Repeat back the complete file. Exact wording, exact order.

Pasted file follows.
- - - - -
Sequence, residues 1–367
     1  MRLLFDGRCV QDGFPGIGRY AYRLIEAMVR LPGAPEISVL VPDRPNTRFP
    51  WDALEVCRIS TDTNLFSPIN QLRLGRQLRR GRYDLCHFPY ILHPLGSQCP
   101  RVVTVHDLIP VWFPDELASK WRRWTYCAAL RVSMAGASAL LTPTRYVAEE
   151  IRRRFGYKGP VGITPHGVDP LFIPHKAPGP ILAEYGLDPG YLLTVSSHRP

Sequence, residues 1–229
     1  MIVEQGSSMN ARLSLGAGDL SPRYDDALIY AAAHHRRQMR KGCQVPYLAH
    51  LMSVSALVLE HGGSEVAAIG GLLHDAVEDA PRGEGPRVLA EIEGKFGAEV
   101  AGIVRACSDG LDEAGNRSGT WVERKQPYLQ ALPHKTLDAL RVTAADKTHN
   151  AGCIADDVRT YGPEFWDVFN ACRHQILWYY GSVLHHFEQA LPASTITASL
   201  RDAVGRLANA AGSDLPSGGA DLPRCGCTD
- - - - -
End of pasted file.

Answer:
Sequence, residues 1–367
     1  MRLLFDGRCV QDGFPGIGRY AYRLIEAMVR LPGAPEISVL VPDRPNTRFP
    51  WDALEVCRIS TDTNLFSPIN QLRLGRQLRR GRYDLCHFPY ILHPLGSQCP
   101  RVVTVHDLIP VWFPDELASK WRRWTYCAAL RVSMAGASAL LTPTRYVAEE
   151  IRRRFGYKGP VGITPHGVDP LFIPHKAPGP ILAEYGLDPG YLLTVSSHRP

Sequence, residues 1–229
     1  MIVEQGSSMN ARLSLGAGDL SPRYDDALIY AAAHHRRQMR KGCQVPYLAH
    51  LMSVSALVLE HGGSEVAAIG GLLHDAVEDA PRGEGPRVLA EIEGKFGAEV
   101  AGIVRACSDG LDEAGNRSGT WVERKQPYLQ ALPHKTLDAL RVTAADKTHN
   151  AGCIADDVRT YGPEFWDVFN ACRHQILWYY GSVLHHFEQA LPASTITASL
   201  RDAVGRLANA AGSDLPSGGA DLPRCGCTD